This rooftop garden in downtown Palo Alto is is all about production — but with a real appreciation for the unusual and the beautiful. Previously just an unused deck, we re-conceptualized the space as a super local source of organic fruit, vegetables and herbs for Palantir Technology’s employee kitchen and cafeteria! The rooftop deck space is also appreciated as an area for employees to relax and hold informal meetings.
Cool season crops like edible viola flowers and asian greens are harvested daily for use in the kitchen. Meyer lemon citrus and culinary herbs like rosemary provide through the seasons.
Palantir RooftopCorporate / Public Spaces
City Slicker Farm
Union Plaza Park in West Oakland is a flagship urban farming project of the West Oakland based non-profit, City Slicker Farms. Developed in cooperation with the City of Oakland, this underfunded public park in West Oakland was given a new life when re-birthed as a production oriented urban farm!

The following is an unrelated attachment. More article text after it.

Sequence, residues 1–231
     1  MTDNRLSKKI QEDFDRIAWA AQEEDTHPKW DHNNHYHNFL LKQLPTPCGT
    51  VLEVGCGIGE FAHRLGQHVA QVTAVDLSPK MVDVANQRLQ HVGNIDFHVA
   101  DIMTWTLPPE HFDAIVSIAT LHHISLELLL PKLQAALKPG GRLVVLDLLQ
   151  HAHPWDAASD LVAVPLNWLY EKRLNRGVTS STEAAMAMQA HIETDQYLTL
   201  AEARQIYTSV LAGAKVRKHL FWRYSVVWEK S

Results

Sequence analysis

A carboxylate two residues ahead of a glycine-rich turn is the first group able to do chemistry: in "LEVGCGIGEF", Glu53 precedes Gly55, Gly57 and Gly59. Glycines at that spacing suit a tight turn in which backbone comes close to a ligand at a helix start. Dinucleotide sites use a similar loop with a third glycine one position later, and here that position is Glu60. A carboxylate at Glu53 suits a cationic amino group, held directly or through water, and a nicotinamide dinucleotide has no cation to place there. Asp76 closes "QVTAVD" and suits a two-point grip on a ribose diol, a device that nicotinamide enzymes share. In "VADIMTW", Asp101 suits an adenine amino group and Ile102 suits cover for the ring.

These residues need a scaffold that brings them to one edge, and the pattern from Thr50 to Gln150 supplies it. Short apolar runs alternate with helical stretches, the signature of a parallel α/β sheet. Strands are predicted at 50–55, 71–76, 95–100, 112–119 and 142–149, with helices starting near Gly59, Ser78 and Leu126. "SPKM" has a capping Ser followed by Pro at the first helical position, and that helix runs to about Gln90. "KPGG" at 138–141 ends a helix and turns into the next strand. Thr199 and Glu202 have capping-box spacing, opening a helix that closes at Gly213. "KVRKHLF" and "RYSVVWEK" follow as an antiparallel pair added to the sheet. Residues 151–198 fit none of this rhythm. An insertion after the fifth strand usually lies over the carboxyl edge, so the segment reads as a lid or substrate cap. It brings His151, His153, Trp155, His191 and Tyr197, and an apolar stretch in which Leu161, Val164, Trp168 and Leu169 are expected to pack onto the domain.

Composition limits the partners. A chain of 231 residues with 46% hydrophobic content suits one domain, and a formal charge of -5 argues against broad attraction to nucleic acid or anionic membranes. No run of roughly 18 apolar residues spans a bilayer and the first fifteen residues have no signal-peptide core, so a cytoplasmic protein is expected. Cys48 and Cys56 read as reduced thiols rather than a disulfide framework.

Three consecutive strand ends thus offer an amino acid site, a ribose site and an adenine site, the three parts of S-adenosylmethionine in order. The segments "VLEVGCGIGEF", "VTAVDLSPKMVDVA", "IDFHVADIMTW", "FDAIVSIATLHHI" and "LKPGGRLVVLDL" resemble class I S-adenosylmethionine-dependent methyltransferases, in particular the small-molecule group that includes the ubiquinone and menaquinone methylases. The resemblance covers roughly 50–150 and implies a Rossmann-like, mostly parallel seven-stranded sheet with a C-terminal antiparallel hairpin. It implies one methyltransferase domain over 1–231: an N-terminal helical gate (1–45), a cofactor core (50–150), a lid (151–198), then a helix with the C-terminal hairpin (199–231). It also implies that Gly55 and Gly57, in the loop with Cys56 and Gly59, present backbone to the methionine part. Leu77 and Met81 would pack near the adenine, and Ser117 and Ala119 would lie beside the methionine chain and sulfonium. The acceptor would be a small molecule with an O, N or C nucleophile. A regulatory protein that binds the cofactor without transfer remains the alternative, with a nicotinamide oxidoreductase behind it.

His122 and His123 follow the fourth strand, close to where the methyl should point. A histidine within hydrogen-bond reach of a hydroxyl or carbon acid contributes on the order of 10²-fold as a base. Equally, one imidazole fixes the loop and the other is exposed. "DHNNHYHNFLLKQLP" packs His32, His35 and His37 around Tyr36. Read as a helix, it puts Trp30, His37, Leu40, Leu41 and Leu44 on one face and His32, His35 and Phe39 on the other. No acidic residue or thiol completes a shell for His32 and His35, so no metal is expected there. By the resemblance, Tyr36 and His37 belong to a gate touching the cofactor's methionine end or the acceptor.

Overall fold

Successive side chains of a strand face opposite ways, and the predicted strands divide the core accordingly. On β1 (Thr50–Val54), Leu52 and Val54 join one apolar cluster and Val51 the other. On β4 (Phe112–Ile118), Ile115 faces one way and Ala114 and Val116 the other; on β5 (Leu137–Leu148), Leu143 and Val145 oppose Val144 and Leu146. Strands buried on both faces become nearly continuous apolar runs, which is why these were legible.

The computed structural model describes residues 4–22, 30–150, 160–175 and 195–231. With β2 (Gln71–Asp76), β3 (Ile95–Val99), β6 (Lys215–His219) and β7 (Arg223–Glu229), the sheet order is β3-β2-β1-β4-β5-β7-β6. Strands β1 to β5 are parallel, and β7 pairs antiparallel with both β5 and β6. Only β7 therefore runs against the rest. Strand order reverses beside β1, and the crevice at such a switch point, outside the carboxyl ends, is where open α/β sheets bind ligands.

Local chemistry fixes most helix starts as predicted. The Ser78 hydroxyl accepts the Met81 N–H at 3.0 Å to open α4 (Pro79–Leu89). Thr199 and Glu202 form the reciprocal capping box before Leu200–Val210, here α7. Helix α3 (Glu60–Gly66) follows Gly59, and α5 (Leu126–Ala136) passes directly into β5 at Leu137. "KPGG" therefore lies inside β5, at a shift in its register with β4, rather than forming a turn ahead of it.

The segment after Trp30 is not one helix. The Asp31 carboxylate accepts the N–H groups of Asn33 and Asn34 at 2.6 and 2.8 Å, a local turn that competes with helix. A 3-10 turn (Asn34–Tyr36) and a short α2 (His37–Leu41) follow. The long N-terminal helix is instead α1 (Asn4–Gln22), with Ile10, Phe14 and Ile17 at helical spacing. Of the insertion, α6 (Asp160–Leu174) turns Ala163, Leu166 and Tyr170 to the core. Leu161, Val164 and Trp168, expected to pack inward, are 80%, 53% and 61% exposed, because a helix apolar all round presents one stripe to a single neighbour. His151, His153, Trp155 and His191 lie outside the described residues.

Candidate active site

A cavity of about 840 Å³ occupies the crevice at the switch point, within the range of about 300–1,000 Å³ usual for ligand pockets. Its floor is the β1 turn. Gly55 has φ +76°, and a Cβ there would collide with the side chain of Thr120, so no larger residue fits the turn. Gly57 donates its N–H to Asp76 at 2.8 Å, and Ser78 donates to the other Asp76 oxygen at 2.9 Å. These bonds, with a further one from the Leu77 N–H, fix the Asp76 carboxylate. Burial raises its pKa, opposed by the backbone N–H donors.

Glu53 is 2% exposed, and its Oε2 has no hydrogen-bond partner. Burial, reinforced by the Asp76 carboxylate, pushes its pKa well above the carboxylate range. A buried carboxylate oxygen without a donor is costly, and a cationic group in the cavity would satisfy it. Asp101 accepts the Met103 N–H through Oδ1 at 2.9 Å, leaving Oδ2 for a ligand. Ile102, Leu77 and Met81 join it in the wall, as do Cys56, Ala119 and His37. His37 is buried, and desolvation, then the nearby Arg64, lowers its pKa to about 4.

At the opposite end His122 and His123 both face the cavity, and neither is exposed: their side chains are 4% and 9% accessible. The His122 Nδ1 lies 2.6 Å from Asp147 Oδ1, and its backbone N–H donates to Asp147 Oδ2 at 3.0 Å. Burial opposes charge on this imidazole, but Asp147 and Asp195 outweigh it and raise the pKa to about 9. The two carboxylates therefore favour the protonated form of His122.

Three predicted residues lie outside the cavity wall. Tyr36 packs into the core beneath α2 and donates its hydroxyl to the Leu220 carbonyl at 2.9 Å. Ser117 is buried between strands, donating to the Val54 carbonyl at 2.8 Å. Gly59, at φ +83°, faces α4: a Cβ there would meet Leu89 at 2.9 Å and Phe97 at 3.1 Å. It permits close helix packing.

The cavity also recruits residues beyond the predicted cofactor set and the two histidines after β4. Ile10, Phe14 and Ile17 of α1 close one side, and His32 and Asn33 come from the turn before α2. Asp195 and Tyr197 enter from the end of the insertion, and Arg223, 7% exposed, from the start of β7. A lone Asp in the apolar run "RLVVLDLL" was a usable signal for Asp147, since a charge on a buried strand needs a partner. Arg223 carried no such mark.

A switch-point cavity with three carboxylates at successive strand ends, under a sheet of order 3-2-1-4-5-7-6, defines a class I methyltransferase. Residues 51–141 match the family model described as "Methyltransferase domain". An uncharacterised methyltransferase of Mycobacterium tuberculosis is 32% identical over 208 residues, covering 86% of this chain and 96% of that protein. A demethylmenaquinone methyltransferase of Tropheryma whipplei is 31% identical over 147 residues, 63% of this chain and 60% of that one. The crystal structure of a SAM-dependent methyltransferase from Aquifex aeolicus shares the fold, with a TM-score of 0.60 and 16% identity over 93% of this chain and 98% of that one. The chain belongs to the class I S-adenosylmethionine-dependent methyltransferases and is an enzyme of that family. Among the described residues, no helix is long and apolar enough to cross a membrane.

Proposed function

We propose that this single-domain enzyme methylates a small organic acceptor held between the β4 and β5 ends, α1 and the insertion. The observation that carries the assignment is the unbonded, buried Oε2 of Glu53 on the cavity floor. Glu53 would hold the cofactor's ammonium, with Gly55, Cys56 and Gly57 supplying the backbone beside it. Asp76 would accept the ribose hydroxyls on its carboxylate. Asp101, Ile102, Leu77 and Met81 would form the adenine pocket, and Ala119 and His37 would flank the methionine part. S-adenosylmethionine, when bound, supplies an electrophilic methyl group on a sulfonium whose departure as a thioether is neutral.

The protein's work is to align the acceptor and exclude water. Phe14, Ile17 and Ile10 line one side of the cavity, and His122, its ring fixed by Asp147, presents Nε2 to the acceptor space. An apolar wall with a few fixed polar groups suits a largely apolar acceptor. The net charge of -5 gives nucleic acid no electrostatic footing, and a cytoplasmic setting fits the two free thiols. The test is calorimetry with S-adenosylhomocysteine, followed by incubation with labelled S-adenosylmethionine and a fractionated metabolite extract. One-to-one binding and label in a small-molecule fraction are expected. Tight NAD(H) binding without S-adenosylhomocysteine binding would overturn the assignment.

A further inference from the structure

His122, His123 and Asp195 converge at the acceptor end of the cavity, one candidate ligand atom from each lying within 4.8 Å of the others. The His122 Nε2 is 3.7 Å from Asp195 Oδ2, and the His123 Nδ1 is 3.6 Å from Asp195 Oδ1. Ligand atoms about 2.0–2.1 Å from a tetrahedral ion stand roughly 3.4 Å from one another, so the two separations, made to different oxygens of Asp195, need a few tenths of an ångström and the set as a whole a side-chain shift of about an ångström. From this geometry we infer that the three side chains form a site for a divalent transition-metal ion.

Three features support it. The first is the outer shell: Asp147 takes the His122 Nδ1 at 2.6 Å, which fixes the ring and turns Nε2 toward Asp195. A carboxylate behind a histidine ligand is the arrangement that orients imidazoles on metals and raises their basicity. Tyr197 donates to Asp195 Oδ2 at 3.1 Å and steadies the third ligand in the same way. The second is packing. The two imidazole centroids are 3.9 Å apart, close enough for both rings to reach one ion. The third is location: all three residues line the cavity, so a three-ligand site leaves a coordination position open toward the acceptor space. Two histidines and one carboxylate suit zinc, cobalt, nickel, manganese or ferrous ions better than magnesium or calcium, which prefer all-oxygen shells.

We, of course, were very happy to be asked to design and install the main flagstone pathway and various planting beds in this garden. Star Apple’s plantings included an accessible mix of fruit trees, blueberries, pollinator-attracting flowers and herbs. Working with volunteers to get the garden installed was a great opportunity to be involved with our local community.
Stop by and visit the farm when you can! Managed on an ongoing basis by City Slicker Farms, the gates to the farm are always open. Saturday harvest days are pay-what-you-can and there are always opportunities to volunteer and learn in the garden. See http://www.cityslickerfarms.org for more information.
City Slicker FarmCorporate / Public Spaces
Sometimes the best kitchen gardens are the smallest ones! At one of our favorite San Francisco cottage style gardens, a raised wooden bed transforms the narrow planting bed along a small brick backyard patio into abundance. Lemon cucumbers, potatoes, artichoke, chives and salad greens are just some of the vegetables and herbs that can be grown in this small space.
Smaller SpacesKitchen Gardens
SF Flower and Garden Show 2011